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Tag: morning prayer

anointing the hours

except for the centenarians among us, this is our first go-around with pandemics. and so, uncharted as it all is, little should surprise us. i stand somewhat surprised, though, that somehow — in the depths and folds of these blurry hours, where day upon day feels indistinct, where were it not for the winding of clocks on wednesdays, the old-lady shop on thursdays, the watering of plants on saturdays, i might never know what day is unfolding around me  — i seem to have tumbled into an ancient, ancient practice. one rooted in the quiet turning of pages of glorious books. one rooted in prayer, in the sanctification of time, the anointing of hours.

it must be the little old monk in me.

i am utterly transfixed by the notion of the liturgy of the hours, the divine office (opus dei — the work of God), lauds, vespers, compline. morning prayer now begins my every day. morning prayer with candle burning beside me, casting its flickering light on skin-thin pages that turn with a crinkle as i slide the ribbons from section to section: invitatory, psalm, antiphon, collect, confession, thanksgiving.

the lexicon is almost as old as time. the notion of fixed-hour prayer, paying keen attention to the seasons of the day — the shifting of light and shadow — is a practice shared by all the great religions: buddhism, hinduism, islam, judaism, christianity.

the early christians borrowed it, of course, from the jews, who were commanded to pray the holiest prayer, the sh’ma, upon rising and retiring, and who stitched 100 blessings into the arc of the day, lifting the most quotidian of acts — washing hands, hearing thunder, beholding the bloom of the almond tree — into the realm of the holy. the psalms, written by the most brilliant hebrew poets, were read by jews — including jesus and his earliest disciples –as “encounters with God, as stimulating and nourishing a spiritual mystery,” according to william storey, a liturgical historian.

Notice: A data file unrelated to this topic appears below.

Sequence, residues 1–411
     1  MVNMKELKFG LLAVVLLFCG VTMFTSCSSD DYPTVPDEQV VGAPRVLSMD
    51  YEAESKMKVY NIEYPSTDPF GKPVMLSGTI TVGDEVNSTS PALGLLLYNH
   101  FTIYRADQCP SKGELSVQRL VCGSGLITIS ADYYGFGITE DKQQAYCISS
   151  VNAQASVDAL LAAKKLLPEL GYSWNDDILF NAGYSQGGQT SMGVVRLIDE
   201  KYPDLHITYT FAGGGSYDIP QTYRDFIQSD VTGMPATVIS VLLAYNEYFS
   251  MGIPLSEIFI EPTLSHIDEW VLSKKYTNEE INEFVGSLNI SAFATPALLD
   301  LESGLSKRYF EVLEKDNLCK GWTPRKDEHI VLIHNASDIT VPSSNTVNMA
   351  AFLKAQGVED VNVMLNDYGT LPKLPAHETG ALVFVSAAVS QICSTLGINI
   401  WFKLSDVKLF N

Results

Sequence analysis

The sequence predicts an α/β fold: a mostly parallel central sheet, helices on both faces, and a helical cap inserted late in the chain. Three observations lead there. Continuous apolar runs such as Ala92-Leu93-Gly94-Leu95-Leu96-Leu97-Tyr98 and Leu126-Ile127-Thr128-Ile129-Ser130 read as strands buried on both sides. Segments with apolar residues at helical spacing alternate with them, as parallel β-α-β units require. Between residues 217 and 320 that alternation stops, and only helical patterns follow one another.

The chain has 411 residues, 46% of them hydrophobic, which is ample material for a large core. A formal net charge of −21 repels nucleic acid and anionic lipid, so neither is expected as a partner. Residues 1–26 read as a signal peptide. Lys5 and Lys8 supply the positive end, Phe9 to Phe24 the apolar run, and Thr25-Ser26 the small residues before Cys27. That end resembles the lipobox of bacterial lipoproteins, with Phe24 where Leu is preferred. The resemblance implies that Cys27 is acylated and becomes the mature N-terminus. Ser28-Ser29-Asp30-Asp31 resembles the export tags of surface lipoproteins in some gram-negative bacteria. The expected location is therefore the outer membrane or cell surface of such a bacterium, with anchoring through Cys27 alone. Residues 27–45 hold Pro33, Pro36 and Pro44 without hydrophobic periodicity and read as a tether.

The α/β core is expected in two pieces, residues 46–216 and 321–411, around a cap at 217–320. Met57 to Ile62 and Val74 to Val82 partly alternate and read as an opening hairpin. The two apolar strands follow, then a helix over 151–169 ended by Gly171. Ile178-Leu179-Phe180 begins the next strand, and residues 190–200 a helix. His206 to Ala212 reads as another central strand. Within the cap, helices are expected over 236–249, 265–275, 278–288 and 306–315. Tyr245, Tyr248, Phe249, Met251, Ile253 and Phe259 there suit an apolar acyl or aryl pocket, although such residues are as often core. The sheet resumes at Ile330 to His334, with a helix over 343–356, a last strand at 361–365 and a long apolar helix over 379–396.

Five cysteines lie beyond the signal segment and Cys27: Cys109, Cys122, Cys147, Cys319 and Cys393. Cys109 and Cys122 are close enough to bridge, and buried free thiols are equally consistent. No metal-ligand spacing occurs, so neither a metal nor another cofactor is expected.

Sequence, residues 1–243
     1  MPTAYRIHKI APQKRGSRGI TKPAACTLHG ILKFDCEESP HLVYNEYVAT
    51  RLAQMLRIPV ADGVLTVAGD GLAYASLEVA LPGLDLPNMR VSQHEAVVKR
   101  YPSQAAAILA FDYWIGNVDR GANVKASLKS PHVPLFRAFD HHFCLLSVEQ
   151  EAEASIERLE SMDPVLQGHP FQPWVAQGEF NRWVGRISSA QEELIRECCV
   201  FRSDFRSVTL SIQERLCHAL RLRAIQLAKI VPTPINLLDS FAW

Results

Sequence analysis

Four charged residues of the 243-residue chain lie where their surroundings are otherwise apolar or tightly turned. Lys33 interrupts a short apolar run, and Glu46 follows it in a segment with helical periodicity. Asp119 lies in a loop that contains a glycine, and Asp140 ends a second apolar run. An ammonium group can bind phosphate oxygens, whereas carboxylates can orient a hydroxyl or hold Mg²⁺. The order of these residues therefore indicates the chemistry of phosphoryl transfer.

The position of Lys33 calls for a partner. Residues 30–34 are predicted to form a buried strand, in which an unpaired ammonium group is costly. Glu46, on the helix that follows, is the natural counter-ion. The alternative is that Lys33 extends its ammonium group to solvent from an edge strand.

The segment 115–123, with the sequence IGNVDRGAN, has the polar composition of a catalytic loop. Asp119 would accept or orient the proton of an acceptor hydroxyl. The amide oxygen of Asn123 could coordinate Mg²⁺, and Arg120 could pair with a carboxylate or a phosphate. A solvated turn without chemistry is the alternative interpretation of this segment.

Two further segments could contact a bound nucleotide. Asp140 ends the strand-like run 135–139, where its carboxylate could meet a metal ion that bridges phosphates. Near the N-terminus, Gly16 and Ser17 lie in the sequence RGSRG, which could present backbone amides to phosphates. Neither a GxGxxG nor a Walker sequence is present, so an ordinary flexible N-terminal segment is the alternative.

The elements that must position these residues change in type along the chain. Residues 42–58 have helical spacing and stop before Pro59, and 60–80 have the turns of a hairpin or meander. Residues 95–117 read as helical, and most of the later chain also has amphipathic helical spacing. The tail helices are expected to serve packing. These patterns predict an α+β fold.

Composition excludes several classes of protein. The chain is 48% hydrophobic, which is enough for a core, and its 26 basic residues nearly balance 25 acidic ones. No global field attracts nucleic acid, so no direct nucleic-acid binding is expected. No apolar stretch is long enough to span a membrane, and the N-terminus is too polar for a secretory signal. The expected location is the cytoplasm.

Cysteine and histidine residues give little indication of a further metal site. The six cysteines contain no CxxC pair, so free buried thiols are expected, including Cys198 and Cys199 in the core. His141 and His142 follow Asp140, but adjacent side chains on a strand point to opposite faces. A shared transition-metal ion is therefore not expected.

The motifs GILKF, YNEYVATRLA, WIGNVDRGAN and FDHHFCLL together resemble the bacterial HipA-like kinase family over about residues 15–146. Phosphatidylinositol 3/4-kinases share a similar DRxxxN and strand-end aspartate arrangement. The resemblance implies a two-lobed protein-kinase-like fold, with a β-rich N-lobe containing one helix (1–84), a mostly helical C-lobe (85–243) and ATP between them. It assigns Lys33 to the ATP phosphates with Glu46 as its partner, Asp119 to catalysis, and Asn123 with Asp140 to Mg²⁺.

by the fourth century, in the early roman empire, bishops instituted morning and evening prayer in the early cathedrals. in the sixth century, along came st. benedict who wrote down “the rule,” and with it the trellis of prayer that infused the monastery, calling the monks to arise in the darkness, to walk under the cloak of stars to the oratory where the night vigil was sung, and through the day, when the great bell was rung, to drop their work in mid-act — be it the stirring of soup, or the tending of bees — and encounter the angels in the sung prayer of the psalms. (i love that benedict refers to any chiming clock as a “portable monastery,” and instructs that “every chiming hour is a reminder we stand in God’s presence.” i will now consider myself to be “winding the monastery” every wednesday and sunday morning.)

all these centuries later, little old me picked up on the notion about six weeks ago. (no one ever pinned me precocious.)